NB – In writing your report, you must demonstrate that you have referred to relevant academic sources and that you are able to apply the theory covered in lectures and tutorials to the case study. You must adhere to the Harvard Referencing Style. You should also refer to the marking criteria to make sure that your report meets the requirements for a pass at this level of study. Introduction to Human Resource Management Case study Assessment Criteria Criteria Weighting Merit: 5% and above Good Pass 55 – Acceptable Pass 40 ??” 54% Poor: Less than 40% Overall presentation & style Neat legible presentation. Correct spelling. Accurate grammar and punctuation.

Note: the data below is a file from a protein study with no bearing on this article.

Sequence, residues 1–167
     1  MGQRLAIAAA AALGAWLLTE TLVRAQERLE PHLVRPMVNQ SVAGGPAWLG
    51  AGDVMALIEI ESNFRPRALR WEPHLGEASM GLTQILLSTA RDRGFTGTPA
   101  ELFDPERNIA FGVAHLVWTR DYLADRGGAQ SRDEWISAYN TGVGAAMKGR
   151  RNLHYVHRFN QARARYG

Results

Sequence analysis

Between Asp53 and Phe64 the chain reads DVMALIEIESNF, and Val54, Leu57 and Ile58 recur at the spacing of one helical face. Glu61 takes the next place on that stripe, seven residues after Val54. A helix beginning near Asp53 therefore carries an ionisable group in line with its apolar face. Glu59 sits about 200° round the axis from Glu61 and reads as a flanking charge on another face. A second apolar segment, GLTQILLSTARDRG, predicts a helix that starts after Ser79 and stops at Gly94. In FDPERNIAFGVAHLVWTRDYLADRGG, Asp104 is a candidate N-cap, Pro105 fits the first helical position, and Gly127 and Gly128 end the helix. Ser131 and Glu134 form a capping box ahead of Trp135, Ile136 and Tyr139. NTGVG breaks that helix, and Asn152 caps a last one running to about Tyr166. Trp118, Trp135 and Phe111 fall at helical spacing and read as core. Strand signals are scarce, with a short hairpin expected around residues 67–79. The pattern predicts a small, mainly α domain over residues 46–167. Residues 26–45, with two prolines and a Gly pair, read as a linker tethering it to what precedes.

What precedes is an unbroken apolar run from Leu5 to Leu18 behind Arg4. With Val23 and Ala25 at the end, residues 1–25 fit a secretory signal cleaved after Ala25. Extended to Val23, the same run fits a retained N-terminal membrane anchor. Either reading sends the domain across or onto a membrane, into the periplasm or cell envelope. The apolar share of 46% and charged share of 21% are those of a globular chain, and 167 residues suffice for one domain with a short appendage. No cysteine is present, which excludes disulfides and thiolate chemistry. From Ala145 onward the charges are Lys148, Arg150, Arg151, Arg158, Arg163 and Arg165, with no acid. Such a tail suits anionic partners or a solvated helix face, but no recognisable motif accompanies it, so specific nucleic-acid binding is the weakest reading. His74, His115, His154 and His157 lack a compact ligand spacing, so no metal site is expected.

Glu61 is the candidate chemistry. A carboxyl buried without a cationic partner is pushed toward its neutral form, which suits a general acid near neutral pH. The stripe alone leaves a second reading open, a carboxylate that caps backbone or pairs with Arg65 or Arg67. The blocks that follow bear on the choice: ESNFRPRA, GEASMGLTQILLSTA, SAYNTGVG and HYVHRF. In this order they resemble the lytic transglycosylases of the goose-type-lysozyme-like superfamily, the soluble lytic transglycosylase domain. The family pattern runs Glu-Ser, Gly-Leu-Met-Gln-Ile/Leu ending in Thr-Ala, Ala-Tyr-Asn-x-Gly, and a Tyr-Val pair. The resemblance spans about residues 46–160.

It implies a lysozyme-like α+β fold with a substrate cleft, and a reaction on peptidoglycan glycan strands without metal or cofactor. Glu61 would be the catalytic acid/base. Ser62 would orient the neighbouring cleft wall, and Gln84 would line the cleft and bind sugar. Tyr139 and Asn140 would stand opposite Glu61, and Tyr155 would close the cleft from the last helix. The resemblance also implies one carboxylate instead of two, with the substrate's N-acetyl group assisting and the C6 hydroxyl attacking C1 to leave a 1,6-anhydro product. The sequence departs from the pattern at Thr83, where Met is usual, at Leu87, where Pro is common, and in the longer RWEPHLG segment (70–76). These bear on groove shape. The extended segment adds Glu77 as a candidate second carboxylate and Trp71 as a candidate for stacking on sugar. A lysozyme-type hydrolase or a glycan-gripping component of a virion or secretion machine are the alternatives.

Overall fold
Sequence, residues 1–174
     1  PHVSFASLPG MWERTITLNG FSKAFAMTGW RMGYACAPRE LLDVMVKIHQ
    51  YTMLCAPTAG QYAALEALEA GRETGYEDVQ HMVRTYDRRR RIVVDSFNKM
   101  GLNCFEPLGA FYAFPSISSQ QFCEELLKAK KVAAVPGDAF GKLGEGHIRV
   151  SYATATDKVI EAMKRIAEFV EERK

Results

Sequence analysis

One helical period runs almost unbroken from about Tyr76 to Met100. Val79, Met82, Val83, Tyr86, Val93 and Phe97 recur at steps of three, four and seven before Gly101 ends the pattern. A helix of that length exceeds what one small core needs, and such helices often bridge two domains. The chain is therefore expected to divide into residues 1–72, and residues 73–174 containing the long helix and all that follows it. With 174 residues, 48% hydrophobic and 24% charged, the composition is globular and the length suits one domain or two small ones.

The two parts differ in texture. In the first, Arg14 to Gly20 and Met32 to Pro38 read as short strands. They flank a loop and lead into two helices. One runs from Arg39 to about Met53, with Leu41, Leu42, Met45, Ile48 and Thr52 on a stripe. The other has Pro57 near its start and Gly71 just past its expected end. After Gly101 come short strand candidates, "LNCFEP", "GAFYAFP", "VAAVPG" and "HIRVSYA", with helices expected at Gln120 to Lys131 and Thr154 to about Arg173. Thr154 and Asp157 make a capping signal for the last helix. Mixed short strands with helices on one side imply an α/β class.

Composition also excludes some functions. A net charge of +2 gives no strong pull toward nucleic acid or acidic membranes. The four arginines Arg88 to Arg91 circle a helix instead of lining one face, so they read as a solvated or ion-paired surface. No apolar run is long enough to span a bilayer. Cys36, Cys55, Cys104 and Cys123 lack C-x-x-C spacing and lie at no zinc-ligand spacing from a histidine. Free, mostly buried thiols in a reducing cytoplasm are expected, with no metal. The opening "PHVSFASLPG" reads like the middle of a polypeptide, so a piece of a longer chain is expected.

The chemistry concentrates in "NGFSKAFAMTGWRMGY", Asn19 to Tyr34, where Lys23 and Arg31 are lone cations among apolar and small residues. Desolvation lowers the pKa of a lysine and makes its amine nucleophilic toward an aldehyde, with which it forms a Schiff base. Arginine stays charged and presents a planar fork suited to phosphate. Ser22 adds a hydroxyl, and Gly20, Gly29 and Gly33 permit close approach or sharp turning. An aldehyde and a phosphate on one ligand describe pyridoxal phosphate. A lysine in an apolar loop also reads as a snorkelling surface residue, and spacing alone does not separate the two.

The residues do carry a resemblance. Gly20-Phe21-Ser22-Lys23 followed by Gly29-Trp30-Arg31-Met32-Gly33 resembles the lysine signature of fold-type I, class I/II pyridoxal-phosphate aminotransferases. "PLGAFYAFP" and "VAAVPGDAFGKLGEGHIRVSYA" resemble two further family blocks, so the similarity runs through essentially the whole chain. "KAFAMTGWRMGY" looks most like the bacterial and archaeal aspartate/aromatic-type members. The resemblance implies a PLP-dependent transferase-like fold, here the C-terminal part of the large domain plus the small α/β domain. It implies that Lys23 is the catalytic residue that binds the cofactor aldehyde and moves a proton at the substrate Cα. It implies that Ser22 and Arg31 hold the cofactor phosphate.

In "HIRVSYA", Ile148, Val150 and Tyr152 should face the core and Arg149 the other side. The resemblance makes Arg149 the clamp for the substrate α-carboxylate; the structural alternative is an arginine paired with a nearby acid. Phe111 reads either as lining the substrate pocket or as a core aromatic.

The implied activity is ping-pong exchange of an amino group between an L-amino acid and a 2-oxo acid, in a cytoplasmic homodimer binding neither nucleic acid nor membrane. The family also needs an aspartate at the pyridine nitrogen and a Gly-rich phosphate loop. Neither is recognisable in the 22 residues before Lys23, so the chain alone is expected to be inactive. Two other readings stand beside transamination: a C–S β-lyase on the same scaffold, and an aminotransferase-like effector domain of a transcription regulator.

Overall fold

Meaning clear and fluid with an articulate academic writing style. Neat legible presentation. Occasional spelling errors. Mainly accurate grammar and punctuation. Coherent meaning and fluent writing style. Neat presentation. Frequent spelling errors. Fairly accurate grammar and punctuation. Meaning mostly clear and adequate writing style. Untidy presentation and difficult to read. Significant spelling and grammatical errors. Meaning unclear in places. Language lacks fluency. Quality of Introduction Clearly states the purpose of the report. Effectively sets the scene in both a theoretical and organisational context. Explains in specific terms how the report will be structured. ood indication of the structure and contents of the report. Although unclear, the purpose of the report can be inferred. Context of the report not altogether clear. Some indication of the contents of the report. Leaves the reader in doubt as to the purpose of the report. Context of the report unclear. No indication of the contents of the report. Evidence of research and wider reading Demonstrates sound knowledge of an extensive range of appropriate and current literature. Demonstrates good knowledge of a reasonable range of appropriate and current Demonstrates a reasonable knowledge of a limited range of appropriate literature. Little and superficial knowledge of appropriate literature.